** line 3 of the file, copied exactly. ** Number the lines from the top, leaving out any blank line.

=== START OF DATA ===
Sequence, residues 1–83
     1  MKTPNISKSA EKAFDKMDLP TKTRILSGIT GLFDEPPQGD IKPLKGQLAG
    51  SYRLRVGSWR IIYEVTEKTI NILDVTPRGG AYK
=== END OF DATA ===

    51  SYRLRVGSWR IIYEVTEKTI NILDVTPRGG AYK